Girl Giant and the Monkey King

Roaring Brook. Oct. 2020. 368p. Tr $17.99. ISBN 9781250240415.
Gr 3-6–Thom Ngho just wants to fit in, but how can she? She’s really short, she’s Vietnamese, and her mother just moved her to Troy, GA, where there is only one other Asian student at school (Kathy, who is Korean, perfect, and hangs out with the two white girls who are bullying Thom). Oh, and there’s the superhuman strength that she has developed, so she’s trying to hide that as well. Things seem to be getting slightly better after she accidentally releases the Monkey King, a demon god she thought was only lore, and a Vietnamese boy moves in down the street and wants to be her friend (although Kha isn’t who he says he is). While Thom thinks she is helping the Monkey King, she sneaks into Heaven, only to learn about her own origins. She starts to find an inner strength to match her outer power. Unfortunately, her realization comes too late and she makes a mistake that could destroy Heaven and the world. This book ends on a cliff-hanger, so readers will be hankering for the sequel as soon as they finish. This story centers cultural identity and attempting to thrive in a white world; Thom’s school is depicted as predominantly white, the bullying towards her centers around racism, and teachers cannot even pronounce her name correctly. However, it is also a story of cultural pride and embracing who you are as a person, including your heritage. The explanations of Vietnamese lore do not feel forced and give enough context that even readers discovering the Monkey King or the Four Immortals for the first time will be able to understand the basics. Grayscale pictures intermittently dispersed throughout offer a visual surprise.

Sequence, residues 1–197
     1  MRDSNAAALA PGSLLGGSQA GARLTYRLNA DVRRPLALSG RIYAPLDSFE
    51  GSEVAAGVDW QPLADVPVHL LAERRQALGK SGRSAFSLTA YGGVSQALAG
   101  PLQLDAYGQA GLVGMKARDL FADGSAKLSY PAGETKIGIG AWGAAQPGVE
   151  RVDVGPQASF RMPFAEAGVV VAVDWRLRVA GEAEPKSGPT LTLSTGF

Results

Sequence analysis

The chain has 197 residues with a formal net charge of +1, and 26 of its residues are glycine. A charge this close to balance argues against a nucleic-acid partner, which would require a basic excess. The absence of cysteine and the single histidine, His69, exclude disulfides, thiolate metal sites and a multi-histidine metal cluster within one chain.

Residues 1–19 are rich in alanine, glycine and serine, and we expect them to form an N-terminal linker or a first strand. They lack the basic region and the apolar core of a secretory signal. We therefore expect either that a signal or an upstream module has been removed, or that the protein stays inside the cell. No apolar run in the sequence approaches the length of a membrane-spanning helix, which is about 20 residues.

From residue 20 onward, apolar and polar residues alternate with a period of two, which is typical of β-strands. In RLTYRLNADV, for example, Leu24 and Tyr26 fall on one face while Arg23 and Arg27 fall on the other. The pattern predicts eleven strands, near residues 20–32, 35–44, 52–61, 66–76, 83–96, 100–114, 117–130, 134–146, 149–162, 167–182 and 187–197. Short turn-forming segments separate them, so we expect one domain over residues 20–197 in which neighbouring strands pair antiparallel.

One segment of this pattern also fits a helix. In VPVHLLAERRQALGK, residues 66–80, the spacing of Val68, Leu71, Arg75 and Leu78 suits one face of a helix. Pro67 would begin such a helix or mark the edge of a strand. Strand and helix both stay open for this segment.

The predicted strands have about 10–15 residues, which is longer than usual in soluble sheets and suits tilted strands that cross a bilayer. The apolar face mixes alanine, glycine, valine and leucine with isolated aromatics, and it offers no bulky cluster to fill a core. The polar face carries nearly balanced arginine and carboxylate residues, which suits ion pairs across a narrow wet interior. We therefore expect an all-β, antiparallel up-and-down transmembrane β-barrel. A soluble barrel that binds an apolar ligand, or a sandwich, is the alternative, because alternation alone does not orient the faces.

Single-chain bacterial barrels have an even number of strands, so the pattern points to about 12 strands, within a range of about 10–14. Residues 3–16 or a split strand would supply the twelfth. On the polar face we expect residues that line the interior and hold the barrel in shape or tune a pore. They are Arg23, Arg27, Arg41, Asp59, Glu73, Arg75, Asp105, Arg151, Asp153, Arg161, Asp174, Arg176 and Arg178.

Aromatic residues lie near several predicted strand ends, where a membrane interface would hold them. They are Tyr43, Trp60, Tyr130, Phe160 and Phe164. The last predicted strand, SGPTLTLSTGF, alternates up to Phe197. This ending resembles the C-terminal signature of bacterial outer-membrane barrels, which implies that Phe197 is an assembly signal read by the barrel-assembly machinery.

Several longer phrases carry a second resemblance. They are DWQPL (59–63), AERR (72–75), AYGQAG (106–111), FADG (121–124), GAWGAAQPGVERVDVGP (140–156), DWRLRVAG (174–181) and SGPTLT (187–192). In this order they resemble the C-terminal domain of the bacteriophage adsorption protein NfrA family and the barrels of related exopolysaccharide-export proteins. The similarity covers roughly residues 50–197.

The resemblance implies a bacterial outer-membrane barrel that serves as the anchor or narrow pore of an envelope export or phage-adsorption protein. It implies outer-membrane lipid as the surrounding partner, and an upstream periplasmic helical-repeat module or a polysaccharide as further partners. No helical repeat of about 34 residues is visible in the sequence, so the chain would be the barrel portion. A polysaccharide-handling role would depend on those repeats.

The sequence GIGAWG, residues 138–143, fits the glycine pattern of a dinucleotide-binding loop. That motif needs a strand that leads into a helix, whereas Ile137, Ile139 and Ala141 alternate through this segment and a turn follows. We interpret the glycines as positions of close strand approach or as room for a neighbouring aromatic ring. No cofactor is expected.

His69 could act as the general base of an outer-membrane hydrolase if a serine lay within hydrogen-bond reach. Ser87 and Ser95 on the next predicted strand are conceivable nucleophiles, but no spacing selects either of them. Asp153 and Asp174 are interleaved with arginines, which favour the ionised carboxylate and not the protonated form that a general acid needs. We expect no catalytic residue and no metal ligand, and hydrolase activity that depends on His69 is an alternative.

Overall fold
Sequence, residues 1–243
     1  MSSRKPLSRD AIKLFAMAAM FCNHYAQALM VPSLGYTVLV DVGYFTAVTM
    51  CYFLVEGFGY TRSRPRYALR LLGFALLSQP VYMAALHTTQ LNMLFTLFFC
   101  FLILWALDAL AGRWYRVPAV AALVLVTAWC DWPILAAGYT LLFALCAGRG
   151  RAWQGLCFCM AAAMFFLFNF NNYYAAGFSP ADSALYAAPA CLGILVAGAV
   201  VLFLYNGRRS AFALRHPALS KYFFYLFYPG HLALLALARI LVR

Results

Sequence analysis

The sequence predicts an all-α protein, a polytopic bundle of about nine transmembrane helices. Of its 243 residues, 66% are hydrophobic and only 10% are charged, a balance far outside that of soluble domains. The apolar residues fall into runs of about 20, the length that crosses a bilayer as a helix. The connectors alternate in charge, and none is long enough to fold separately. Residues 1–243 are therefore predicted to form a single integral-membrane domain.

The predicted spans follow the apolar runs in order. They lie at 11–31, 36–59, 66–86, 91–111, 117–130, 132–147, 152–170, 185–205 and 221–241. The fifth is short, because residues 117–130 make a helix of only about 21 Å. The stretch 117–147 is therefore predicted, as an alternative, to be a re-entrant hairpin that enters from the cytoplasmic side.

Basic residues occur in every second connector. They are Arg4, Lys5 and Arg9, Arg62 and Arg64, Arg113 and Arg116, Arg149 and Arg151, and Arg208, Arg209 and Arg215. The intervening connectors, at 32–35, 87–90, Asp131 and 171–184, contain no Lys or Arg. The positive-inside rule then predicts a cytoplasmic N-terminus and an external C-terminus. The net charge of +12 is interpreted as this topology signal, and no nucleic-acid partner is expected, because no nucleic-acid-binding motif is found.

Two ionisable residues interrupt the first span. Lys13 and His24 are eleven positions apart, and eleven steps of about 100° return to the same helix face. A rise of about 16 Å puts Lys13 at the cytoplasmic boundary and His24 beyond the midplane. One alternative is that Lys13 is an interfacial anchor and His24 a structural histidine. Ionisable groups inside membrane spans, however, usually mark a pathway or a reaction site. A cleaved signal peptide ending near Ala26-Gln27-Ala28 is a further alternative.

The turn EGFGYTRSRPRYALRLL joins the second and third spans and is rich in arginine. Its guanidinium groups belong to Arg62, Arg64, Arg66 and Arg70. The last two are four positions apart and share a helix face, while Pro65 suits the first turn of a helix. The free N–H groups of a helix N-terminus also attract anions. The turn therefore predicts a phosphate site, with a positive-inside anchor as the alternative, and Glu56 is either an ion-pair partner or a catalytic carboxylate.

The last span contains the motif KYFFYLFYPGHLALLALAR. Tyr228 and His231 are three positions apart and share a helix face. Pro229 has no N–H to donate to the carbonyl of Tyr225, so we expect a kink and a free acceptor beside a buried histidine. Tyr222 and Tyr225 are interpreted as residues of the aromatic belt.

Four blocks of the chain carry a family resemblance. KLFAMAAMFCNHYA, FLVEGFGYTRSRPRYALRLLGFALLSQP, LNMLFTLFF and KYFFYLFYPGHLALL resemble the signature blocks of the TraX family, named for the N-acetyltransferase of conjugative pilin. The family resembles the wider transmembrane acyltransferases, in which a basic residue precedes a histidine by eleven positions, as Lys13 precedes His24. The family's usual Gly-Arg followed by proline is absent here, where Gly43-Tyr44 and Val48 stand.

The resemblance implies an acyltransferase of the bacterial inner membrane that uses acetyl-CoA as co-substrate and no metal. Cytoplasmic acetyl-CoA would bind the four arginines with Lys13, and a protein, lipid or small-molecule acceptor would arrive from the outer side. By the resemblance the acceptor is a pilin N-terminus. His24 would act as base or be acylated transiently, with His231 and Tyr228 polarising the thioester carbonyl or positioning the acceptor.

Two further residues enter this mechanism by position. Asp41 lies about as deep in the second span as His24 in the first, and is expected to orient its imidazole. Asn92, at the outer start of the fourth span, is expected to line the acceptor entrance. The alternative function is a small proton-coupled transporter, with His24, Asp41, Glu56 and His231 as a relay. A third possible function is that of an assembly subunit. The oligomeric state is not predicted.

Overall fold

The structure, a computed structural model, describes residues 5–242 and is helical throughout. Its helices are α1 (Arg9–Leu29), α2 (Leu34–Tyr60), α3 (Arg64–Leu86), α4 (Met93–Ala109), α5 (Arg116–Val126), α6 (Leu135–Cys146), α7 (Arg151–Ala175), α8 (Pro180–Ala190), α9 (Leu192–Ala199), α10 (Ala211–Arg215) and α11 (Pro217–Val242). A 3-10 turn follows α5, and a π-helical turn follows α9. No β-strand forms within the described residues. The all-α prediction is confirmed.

VERDICT A tale that deals with important issues of fitting in and cultural understanding, while soaring into the realms of myth and magical adventure. A worthwhile purchase for most collections that will appeal to fans of the “Rick Riordan Presents” series, but the text is less plot-dense and thus more accessible to a slightly younger audience.

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